UK Investigating Allergic Reactions That May Be Linked to COVID-19 Pfizer Vaccine | Inside Edition

UK Investigating Allergic Reactions That May Be Linked to COVID-19 Pfizer Vaccine

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The U.K.’s Medical and Healthcare Products Regulatory Agency is investigating, but there are no serious safety concerns linked to the vaccine.

British regulators are warning people that have a history of serious allergic reactions that they shouldn’t receive the Pfizer-BioNTech COVID-19 vaccine as they are investigating two adverse reactions that happened on Tuesday. Tuesday was the first day of the U.K.’s mass vaccination program.

The U.K.’s Medical and Healthcare Products Regulatory Agency is investigating whether the reactions were linked to the vaccine, according to The Associated Press. The two people affected were staff members and officials have said they are recovering “well,” according to officials.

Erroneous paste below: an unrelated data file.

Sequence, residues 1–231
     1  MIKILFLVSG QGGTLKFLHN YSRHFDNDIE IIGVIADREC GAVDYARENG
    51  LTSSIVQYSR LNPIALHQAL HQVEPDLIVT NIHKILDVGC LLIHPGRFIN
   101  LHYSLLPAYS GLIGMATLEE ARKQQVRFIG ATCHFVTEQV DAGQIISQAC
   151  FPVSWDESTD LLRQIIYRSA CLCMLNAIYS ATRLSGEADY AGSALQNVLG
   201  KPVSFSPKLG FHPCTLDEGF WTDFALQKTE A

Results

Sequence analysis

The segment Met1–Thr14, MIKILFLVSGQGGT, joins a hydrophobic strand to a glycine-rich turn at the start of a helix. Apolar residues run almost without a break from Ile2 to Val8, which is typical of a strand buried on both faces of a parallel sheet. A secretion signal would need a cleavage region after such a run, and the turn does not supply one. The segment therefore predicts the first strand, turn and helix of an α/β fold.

They have warned that anyone who carries adrenaline shots or who has allergic reactions that could be fatal shouldn't receive the vaccine.

“As is common with new vaccines the MHRA have advised on a precautionary basis that people with a significant history of allergic reactions do not receive this vaccination after two people with a history of significant allergic reactions responded adversely yesterday,” Professor Stephen Powis, medical director for the NHS in England, told AP.

The agency also said vaccinations should only be administered in facilities with resuscitation equipment. More than 42,000 received two doses of shots during vaccine trials and there were “no serious safety concerns.”

People with a history of severe allergic reactions were excluded from trials, according to officials. In general though, Dr. Peter Openshaw, a professor of experimental medicine at Imperial College London, told AP there is a “very small” chance of an allergic reaction to any vaccine.

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